Borrowers, advocates, and lawmakers converged on the steps of the U.S. Supreme Court on Monday night and Tuesday morning to defend President Joe Biden’s stalled student debt relief plan as justices prepared to consider a pair of right-wing challenges to the popular proposal.
Attendees argued that Biden’s move to erase up to $20,000 in student debt for federal borrowers with individual incomes under $125,000 and modify the income-driven repayment program is just, legal, and necessary. Although it falls short of progressives’ demands for universal cancellation, speakers made clear that the White House’s plan is key to improving economic security.
“You should not have to face financial ruin because you want a damn education!” Sen. Bernie Sanders of Vermont said during Tuesday morning’s rally. “Education, from child care to graduate school, is a human right. It should be free to all.”
“Today we say to the Supreme Court, listen to the needs of millions of struggling people,” Sanders added. “Do the right thing. Support Biden’s proposal to cancel student debt.”
“President Biden’s executive authority to provide student debt relief to borrowers is abundantly clear.”
In both Biden v. Nebraska—brought by the Republican-led states of Nebraska, Missouri, Arkansas, Iowa, Kansas, and South Carolina—and Department of Education v. Brown—filed with the support of billionaires by a pair of plaintiffs who claim they were unfairly excluded from relief—the right-wing-controlled Supreme Court will decide whether Biden’s plan exceeds the U.S. Department of Education’s (DOE) authority and whether the lawsuits have legal standing.
In a Tuesday statement released ahead of the hearing, Democratic Rep. Cori Bush of Missouri said, “Today, far-right Republican attorneys general will bring baseless and politically motivated arguments to the Supreme Court in opposition to providing student debt relief promised to 40 million borrowers across our country.”
“Regardless,” said Bush, “President Biden’s executive authority to provide student debt relief to borrowers is abundantly clear—just look at the facts.”
Fact: The basis of the Republican AG’s case relies on the claim that this relief plan threatens the profits of loan servicers such as MOHELA and states will be financially injured. Yet, in response to an October letter I sent to MOHELA, they denied involvement in the case and discredited Republicans by stating that they don’t operate to make profits and remain committed to complying with contractual obligations set forth by the U.S. Department of Education.
Fact: Republicans claim that states, like Missouri, also rely on revenue from loan servicers like MOHELA. Yet, MOHELA hasn’t paid their bills to the state in over a decade and owes over $100 million to the state of Missouri.
Fact: President Biden’s student debt relief plan would provide 40 million borrowers across our country—including 144,000 of my constituents—with life-changing financial relief. Following the economic devastation of the pandemic, we need transformative policy solutions to foster an equitable economic recovery.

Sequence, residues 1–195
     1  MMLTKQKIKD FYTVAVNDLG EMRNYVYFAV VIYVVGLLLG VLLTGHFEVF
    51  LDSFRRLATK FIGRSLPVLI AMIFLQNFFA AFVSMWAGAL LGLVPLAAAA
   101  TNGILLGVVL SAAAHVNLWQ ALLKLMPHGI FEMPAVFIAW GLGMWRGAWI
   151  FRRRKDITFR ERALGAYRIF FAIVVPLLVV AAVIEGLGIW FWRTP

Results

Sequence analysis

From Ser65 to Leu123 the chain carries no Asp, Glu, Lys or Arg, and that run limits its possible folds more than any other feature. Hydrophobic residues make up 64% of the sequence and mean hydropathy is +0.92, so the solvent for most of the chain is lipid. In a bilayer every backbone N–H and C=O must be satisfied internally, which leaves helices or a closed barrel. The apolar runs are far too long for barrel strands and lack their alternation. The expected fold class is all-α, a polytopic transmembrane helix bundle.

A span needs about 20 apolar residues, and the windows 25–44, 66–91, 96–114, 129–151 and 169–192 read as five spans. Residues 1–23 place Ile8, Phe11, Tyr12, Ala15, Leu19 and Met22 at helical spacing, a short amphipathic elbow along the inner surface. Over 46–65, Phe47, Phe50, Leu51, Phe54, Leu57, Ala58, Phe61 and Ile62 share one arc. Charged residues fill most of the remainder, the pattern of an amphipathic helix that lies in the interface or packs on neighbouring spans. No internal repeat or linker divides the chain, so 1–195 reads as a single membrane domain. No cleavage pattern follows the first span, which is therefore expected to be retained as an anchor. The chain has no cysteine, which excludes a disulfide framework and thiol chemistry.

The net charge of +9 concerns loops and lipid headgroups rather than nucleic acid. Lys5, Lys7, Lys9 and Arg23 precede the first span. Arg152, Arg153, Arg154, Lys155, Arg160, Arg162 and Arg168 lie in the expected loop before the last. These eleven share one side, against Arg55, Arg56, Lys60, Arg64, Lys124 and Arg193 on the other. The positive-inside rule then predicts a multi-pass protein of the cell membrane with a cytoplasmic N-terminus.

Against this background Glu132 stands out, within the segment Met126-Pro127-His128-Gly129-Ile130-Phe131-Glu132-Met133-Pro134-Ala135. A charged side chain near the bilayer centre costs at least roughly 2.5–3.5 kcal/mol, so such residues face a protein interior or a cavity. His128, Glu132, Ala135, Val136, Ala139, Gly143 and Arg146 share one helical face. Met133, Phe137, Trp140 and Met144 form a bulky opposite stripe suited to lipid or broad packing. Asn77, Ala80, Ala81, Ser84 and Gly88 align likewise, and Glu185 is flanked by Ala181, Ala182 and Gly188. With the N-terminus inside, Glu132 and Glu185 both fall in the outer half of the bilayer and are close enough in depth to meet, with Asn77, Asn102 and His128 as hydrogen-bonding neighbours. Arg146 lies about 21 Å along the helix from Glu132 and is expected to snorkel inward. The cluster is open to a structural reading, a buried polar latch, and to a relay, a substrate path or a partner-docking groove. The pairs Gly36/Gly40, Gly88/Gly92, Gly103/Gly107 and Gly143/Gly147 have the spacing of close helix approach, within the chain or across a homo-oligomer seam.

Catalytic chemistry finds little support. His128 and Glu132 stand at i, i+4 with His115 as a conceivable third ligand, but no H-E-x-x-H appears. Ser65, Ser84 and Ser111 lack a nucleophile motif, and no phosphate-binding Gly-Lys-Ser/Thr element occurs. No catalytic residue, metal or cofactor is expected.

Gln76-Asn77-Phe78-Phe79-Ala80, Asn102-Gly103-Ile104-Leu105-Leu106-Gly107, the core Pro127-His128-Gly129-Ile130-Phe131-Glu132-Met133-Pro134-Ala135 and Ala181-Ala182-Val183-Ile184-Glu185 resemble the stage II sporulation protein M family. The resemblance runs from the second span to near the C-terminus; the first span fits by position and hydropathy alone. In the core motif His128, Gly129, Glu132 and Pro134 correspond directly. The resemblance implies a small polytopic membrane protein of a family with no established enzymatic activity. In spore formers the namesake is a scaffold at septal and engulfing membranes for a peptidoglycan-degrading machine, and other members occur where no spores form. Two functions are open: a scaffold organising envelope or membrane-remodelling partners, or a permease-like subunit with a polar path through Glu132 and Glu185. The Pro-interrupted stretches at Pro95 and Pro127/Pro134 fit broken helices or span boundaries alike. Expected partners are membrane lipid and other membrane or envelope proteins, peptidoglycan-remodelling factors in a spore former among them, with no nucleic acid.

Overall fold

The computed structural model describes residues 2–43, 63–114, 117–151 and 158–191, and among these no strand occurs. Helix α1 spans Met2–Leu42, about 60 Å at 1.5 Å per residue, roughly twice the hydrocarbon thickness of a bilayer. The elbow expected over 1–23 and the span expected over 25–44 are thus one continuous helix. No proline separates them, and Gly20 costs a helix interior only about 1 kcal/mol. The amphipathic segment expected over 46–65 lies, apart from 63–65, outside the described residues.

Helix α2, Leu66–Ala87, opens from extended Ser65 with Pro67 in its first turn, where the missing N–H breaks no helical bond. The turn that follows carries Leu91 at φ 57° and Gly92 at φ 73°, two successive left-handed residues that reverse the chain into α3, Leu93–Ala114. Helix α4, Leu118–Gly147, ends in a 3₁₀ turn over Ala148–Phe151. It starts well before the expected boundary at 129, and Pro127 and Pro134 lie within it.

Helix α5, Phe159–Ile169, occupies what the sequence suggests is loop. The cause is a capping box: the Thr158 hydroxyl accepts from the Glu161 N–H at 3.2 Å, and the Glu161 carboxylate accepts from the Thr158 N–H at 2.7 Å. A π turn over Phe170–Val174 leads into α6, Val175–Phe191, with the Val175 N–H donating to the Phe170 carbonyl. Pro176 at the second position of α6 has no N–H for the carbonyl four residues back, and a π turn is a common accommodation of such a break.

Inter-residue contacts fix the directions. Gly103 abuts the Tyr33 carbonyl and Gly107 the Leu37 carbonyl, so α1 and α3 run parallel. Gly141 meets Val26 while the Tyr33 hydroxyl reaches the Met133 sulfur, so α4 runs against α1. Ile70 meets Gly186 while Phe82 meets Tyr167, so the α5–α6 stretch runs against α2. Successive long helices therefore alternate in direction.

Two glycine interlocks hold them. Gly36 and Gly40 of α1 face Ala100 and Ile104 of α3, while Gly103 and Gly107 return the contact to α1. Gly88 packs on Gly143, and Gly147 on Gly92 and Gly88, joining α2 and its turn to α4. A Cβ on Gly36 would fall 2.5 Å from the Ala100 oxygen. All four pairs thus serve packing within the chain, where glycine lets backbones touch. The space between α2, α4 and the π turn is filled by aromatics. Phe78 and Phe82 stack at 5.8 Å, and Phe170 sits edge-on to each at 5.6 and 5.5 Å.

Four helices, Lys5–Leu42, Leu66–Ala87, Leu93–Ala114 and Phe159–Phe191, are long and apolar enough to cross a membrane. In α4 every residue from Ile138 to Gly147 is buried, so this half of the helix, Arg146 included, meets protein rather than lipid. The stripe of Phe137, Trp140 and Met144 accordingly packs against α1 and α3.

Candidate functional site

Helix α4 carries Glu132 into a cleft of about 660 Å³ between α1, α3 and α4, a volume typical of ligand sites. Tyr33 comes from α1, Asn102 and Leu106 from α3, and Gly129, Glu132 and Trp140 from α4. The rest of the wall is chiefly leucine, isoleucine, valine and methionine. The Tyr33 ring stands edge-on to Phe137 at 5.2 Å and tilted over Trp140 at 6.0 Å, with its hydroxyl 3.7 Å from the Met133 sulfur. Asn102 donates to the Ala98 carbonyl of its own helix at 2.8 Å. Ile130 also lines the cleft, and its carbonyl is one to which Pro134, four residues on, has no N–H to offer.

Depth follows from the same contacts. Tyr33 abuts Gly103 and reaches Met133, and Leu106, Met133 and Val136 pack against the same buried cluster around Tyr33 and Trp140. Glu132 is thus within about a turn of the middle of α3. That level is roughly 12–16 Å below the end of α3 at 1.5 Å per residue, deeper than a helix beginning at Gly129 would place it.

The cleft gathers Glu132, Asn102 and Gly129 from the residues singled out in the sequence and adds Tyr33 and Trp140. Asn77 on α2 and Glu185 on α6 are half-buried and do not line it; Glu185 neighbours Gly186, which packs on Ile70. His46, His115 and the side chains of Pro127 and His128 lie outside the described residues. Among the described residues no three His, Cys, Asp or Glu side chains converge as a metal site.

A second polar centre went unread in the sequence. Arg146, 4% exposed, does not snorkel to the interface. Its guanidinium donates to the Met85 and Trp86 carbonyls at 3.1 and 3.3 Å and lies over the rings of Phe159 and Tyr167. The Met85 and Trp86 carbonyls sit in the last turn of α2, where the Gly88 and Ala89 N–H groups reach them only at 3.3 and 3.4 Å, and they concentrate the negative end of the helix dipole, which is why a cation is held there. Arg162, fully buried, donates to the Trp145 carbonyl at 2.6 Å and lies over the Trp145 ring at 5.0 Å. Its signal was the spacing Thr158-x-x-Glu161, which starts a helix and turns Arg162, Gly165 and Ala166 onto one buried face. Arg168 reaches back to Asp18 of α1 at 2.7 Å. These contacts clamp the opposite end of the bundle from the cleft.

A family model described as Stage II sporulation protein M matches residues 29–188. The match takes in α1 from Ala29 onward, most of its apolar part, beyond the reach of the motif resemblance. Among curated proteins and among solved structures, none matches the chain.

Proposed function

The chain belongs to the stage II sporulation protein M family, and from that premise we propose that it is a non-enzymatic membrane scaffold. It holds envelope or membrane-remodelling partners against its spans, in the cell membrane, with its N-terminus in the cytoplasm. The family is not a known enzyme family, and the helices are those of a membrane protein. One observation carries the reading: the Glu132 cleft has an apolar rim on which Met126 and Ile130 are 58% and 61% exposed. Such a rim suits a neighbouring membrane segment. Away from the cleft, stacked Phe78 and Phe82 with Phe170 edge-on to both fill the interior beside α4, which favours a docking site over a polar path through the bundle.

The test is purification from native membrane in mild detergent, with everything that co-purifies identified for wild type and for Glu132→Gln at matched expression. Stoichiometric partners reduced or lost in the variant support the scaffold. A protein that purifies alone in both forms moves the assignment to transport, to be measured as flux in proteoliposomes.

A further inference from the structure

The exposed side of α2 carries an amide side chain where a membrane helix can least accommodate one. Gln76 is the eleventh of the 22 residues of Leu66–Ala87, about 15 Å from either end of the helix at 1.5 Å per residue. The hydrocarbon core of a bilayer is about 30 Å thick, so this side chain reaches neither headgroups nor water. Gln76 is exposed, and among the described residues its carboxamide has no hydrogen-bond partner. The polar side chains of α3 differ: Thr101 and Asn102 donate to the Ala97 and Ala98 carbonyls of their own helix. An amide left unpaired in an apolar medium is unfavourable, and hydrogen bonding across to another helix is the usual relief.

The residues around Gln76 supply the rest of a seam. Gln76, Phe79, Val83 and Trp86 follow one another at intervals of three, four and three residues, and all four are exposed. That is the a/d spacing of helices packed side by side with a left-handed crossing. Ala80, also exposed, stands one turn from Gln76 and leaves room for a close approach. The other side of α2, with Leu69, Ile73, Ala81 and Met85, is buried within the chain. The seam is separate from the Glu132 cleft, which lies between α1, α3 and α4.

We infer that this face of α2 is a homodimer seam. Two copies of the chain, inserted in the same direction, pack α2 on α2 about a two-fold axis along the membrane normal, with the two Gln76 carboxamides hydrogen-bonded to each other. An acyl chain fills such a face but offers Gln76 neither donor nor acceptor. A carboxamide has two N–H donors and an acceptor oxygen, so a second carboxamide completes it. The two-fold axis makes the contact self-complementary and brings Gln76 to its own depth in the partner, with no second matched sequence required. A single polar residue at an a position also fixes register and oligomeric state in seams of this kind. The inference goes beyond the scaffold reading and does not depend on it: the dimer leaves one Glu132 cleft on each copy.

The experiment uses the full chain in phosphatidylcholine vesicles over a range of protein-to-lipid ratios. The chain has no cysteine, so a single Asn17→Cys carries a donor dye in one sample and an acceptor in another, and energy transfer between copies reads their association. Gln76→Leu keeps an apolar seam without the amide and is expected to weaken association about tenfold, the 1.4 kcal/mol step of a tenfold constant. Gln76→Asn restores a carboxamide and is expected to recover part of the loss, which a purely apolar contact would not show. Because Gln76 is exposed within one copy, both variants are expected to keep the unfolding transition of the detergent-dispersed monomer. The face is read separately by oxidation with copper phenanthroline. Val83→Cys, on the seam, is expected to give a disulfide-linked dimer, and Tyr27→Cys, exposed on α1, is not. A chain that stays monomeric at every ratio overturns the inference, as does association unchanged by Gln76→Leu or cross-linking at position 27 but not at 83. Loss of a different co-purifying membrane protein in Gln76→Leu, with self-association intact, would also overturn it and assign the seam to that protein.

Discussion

“I know what it’s like to carry crushing student debt and to have to make impossible choices between paying rent or paying an exorbitant student loan bill,” said Bush. “And I’ve heard from people across the country who have shared how this relief would change their lives—from being able to afford child care, to paying their medical bills, to being able to put food on the table.”
“The facts are clear, and I implore the Supreme Court to affirm the president’s executive authority to cancel up to $20,000 in student debt,” she added. “I’m confident the Biden-Harris administration’s plan will withstand these hurdles and provide the much-needed relief to borrowers.”
Right-wing lawmakers and activists filed numerous lawsuits after the White House announced its student debt cancellation bid in August. Applications for relief closed in November after a federal judge appointed by former President Donald Trump blocked Biden’s plan. At the time, 26 million borrowers had already applied for or were automatically eligible for relief, and 16 million applications were given the green light and sent to loan servicers.
While GOP members of Congress argue that student debt relief is a regressive policy whose benefits would flow disproportionately to wealthy households, DOE data released earlier this month dispels that myth. According to a Politicoanalysis of the data, over 98% of people who applied before the portal was frozen reside in ZIP codes where the average per-capita income is under $75,000. Nearly two-thirds of applicants live in neighborhoods where the average person makes less than $40,000 per year.
With his relief measures obstructed, Biden extended the pause on federal student loan repayments—a measure that was introduced at the beginning of the Covid-19 pandemic in March 2020 and had been set to expire on December 31, 2022—through June 30, 2023. Payments are set to restart 60 days after that date, or 60 days after the high court hands down its decision, whichever comes first.
The Debt Collective, however, tweeted Monday night: “We’re not paying that damn student debt no matter what the Supreme Court and its corrupted judges say.”
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